Most people are familiar with Summerfair, the huge art fair at Coney Island that happens each June. But not everyone knows the annual event supports area artists and arts organizations. Proceeds provide grants to individual artists living within a 40-mile radius of Cincinnati. You can see the wonderful fruits of this grant program right now in 'Summerfair Select,' an exhibition that features grant recipients from the past three years.
Artists have long looked to nature for inspiration, but with his exhibition 'Meddling with Nature' Jeremy Johnson takes this tradition to another level. He moves taxidermy out of the natural history museum and into the art gallery by creating an installation that evokes the awe-inspiring world of the Victorian naturalist. Through Nov. 27.
Brian Joiner, an esteemed local artist, passed away Oct. 8 after being diagnosed with liver cancer several months ago. He always tried something new in his work and as an African-American artist often addressed tough issues regarding race, politics and spirituality with irony and humor. For his ever-joyful presence, boundless energy and seemingly unlimited generosity, he will be missed by all whose lives he touched.
When Shinji Turner-Yamamoto arrived in Cincinnati, he discovered the ideal place for his current installation, 'Hanging Garden': Holy Cross Church, which had been deconsecrated in the 1970s but still stands at the top of Mount Adams. "I saw a young, living tree floating in the middle of the chapel," says the Japanese-born artist, and two years later he's realized his vision via a mind-boggling technical feat.
Fans of Kevin T. Kelly's controversial, sexually charged paintings have a surprise in store for them at Cincinnati Art Galleries downtown. His current exhibition, 'Embracing the Yin,' calms and soothes the soul with ethereal, tranquil landscapes. Also on display through Oct. 29 are Leslie Shiels' paintings in 'Lost Dogs Found.'
In the Cincinnati Art Museum's new exhibition Thomas Gainsborough and the Modern Woman, I learned a new word. “Demireps” were women with less-than-respectable reputations. They were actresses, singers, dancers, courtesans and mistresses who rejected the accepted notions of femininity, made their own money, gambled, left their husbands and — gasp — wore French fashions.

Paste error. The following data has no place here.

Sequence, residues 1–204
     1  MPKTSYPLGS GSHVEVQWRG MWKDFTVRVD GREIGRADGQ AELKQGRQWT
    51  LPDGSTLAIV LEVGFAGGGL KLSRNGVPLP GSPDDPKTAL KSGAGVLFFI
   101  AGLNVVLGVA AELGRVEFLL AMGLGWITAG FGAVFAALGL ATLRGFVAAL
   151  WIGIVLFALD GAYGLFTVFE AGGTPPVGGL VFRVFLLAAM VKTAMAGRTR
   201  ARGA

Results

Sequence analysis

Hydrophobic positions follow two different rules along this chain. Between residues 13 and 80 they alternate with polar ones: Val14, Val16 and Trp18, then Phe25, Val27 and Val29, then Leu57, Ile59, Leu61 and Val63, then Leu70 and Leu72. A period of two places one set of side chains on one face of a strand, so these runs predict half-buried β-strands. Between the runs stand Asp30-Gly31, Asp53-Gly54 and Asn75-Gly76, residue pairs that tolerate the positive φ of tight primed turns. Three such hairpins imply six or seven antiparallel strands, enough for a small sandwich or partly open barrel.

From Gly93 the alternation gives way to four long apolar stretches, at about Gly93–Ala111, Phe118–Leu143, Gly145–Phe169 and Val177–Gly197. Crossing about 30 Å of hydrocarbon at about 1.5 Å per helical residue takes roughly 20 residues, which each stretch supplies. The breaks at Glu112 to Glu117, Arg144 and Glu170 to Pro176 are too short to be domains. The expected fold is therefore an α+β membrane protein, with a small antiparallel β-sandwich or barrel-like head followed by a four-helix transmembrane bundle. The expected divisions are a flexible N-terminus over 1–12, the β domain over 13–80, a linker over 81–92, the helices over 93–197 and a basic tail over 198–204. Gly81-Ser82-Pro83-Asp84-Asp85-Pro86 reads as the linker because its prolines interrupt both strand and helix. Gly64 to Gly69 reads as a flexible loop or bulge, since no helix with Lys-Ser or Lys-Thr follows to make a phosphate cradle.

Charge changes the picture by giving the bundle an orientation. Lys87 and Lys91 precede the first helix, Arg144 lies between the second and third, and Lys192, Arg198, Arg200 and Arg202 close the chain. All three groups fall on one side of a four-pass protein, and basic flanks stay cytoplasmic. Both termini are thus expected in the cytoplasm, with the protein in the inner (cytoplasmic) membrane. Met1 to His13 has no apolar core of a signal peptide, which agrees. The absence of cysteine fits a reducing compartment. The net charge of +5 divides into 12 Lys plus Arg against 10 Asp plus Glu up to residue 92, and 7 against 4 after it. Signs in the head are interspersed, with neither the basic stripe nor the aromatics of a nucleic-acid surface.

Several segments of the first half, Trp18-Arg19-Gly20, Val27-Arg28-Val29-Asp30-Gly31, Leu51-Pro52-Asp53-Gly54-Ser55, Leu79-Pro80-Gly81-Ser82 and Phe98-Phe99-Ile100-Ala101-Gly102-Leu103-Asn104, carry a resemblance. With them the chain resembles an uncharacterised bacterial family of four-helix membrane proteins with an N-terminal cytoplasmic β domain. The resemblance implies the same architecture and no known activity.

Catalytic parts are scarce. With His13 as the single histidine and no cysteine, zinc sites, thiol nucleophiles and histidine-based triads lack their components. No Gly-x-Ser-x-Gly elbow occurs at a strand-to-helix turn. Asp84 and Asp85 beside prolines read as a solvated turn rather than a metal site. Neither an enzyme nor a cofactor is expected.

J.P. Ball photograph exhibition tucked away in the Ruthven Gallery at the Cincinnati Museum Center isn't grabbing space on the huge banners in the center's rotunda. But the wonderful exhibition is very ambitious and warrants more attention. On display through Oct. 24.
Over the next few months area museums and galleries are presenting a variety of outside-the-box fare, including quilts, wedding dresses, motorcycles and even an installation made of trees. The Taft Museum, Cincinnati Art Museum, Contemporary Art Museum, Country Club, Manifest Gallery, Carnegie Center, Weston Art Gallery, Carl Solway Gallery and Thunder-Sky Inc. are pulling out all the stops for patrons.
Cincinnati Art Museum's 'Walker Evans: Decade by Decade' opens with a rather bold statement that Evans is "probably the single greatest American photographer ever to have worked in the 20th century." An introduction like that certainly raises the stakes for an exhibition. I don't feel that, taken alone, the show proves he was the "single greatest" of the last century, but I also don't believe that's the show's objective.
Walker Evans' current exhibit represents a lifetime of iconic photography. In this collection, explore the southern American condition during the Great Depression, view a series of Victorian Houses in 1931 and see rare prints from Evans' travels through Tahiti and Cuba.